Institutional direct investment has the best potential to bridge the financing needs for renewable energy, according to Climate Policy Initiative (CPI) - but the Australian investment industry may need to consider redesigning pooled investment trusts.
CPI said there were many renewable energy opportunities for institutional investors, but that super funds’ distinctive risk-and-return characteristics were often mismatched with the price that governments and consumers were willing to pay.
If the world was to move toward renewable energy, it required a significant amount of low-cost, long-term investment, CPI said.
Direct investment could resolve one quarter of renewable energy project equity and one half of the related debt required to 2035, according to CPI. However the skill and capital needed to build a specialist direct investment team restricted direct investment to the top 150 institutions worldwide.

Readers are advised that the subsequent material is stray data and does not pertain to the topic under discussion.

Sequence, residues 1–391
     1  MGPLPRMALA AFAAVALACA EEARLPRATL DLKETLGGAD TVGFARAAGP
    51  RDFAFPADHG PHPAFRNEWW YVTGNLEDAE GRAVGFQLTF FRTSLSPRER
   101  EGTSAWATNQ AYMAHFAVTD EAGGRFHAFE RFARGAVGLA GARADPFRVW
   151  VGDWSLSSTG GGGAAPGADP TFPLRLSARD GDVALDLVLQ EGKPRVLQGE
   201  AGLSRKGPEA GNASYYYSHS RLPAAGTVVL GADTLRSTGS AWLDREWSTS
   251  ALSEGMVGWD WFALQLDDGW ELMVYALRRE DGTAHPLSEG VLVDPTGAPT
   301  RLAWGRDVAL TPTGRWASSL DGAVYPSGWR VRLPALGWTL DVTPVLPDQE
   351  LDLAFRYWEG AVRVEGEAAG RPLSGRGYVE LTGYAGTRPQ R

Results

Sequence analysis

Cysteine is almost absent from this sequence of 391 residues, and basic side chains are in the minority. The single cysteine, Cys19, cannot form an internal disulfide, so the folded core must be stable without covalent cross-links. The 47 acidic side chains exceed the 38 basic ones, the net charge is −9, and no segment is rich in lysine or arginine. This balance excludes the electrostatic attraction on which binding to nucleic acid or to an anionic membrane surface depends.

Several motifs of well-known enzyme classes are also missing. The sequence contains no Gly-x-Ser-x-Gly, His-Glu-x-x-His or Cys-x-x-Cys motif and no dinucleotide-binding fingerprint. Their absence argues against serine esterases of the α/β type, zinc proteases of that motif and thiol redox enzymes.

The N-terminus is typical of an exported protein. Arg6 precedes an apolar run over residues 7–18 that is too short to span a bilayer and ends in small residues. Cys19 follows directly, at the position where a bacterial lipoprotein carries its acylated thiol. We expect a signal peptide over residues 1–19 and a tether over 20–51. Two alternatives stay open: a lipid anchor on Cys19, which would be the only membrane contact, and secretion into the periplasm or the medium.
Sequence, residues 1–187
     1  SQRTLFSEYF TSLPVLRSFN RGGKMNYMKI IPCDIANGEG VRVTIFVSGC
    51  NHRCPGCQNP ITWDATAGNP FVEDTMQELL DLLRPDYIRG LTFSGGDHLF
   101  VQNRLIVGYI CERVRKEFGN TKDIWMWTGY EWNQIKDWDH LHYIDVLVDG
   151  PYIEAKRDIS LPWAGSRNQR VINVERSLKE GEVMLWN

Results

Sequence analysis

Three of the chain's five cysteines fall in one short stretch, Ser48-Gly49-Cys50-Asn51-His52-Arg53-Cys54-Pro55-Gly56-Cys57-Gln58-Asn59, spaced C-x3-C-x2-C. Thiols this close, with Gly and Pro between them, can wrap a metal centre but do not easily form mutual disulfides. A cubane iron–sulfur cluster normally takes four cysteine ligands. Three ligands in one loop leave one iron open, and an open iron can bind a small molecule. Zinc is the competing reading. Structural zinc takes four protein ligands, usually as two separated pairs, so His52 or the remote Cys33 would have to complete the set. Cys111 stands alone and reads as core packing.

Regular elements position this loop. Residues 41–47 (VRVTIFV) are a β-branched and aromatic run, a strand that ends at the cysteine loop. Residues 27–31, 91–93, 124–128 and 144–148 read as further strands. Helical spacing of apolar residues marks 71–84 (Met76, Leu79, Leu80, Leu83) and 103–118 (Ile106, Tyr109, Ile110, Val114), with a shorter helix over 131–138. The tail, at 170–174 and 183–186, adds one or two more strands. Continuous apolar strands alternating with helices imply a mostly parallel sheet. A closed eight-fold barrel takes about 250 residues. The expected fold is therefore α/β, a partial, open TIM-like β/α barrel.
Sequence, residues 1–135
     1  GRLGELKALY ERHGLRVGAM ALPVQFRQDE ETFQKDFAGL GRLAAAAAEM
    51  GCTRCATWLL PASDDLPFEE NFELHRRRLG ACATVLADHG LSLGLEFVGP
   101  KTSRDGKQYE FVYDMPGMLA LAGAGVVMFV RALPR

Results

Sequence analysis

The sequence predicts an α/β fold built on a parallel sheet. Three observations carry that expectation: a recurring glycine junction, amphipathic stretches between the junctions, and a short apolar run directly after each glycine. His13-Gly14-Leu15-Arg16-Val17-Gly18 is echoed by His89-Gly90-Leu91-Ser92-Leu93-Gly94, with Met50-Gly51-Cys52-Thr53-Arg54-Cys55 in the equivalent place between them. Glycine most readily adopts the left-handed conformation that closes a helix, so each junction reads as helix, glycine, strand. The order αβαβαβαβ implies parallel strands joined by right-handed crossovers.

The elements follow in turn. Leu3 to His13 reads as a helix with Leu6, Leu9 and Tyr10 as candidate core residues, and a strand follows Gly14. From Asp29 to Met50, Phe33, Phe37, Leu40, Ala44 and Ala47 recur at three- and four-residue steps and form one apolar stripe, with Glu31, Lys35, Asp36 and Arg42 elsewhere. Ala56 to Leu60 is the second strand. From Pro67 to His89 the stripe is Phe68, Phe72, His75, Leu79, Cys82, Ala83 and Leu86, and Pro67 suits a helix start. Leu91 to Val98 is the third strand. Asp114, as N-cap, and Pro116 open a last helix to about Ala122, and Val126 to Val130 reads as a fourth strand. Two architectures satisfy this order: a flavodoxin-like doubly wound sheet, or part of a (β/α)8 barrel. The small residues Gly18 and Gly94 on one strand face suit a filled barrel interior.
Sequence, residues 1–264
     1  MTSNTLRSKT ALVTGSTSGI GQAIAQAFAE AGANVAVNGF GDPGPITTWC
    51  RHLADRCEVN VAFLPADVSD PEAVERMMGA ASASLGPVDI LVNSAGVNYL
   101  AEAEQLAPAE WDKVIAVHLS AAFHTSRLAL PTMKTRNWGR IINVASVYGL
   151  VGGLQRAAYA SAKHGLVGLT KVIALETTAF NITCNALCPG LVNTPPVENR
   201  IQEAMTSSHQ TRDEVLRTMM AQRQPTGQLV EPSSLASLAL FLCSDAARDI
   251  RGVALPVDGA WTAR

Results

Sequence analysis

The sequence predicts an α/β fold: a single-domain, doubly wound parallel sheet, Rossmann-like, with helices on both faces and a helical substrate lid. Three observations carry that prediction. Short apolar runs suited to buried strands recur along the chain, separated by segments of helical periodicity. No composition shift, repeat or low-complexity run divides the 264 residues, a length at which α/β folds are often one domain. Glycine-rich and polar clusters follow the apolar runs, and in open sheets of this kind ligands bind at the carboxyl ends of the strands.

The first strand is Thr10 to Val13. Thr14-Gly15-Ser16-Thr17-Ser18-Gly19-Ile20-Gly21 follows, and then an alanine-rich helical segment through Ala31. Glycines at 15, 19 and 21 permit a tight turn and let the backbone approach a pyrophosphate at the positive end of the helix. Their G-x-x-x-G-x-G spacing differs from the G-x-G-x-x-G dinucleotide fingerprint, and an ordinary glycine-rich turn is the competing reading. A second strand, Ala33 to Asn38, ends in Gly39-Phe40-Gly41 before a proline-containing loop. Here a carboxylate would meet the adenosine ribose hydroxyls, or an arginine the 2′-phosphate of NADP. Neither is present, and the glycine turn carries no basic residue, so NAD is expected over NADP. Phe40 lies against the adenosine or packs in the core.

CPI’s study found the Australian market lacked the scale to execute direct investment in renewable energy, but strong interest and an established infrastructure fund sector led it to explore other ways to help finance renewable energy investment.
Although defined benefit models were more conducive to long-term investments such as infrastructure, CPI found several funds had 25-40 per cent of their portfolio in illiquid assets.
Additionally, it found Australian super funds had among the highest allocations to infrastructure at about 10 per cent.
It said the industry should redesign the parameters for pooled investment vehicles.
CPI found that the experience with pooled investment trusts and renewable energy investment had been mixed, with some institutions concerned with high fees and an uncertain cash flow profile.
It said better pooled vehicles were needed to create liquidity, increase diversity and reduce transaction costs while maintaining the link to underlying cash flows.
Interestingly, Industry Funds Management (IFM), the investment arm of 30 not-for-profit funds, established a direct investments team last November to seek out opportunities in the $250-500 million range. The global investment manager has over A$44 billion in assets under management.